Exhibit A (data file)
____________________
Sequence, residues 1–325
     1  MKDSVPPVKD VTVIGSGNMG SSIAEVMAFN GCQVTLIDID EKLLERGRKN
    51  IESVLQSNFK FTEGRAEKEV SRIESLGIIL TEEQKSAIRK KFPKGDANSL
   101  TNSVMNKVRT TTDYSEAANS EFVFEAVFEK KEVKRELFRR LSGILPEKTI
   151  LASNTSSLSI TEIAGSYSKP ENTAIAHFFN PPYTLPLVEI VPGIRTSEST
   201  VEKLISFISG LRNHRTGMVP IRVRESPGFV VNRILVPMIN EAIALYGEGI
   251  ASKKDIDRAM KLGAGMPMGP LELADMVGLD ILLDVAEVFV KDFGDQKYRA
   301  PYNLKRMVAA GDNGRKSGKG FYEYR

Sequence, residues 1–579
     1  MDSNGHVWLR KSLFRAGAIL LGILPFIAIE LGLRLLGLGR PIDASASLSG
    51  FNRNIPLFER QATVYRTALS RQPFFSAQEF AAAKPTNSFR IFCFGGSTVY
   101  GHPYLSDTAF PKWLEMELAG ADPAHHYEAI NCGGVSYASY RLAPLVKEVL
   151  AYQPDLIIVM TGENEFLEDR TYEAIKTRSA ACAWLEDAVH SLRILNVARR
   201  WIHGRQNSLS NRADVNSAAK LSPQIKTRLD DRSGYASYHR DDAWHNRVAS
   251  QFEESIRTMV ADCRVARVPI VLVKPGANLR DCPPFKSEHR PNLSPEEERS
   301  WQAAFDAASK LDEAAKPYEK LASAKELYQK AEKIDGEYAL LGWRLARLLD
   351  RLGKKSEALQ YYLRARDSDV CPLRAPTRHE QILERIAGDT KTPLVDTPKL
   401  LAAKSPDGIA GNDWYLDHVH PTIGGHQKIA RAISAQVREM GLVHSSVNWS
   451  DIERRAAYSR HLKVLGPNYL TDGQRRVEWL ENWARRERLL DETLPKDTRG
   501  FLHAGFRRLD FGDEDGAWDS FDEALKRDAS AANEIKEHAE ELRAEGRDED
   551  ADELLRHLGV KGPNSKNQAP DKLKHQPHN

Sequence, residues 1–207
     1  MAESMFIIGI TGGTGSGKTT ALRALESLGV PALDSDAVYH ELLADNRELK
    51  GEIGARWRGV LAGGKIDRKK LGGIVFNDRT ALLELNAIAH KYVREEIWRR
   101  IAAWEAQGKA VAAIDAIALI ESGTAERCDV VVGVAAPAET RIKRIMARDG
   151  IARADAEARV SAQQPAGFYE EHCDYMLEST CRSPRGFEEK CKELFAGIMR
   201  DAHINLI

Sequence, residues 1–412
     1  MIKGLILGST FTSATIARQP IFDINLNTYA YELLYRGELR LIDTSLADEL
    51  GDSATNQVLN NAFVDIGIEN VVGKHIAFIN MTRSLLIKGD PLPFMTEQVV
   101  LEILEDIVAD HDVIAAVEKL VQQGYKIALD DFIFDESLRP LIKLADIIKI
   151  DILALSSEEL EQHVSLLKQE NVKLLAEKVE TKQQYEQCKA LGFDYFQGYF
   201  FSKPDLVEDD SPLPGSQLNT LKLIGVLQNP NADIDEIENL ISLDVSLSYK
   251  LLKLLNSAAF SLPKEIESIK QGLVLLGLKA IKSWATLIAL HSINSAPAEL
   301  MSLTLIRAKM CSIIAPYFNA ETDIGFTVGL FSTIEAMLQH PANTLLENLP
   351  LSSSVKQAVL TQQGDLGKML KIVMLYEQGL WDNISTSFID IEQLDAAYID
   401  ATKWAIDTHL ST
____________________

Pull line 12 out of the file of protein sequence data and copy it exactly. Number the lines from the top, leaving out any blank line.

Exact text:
   101  GHPYLSDTAF PKWLEMELAG ADPAHHYEAI NCGGVSYASY RLAPLVKEVL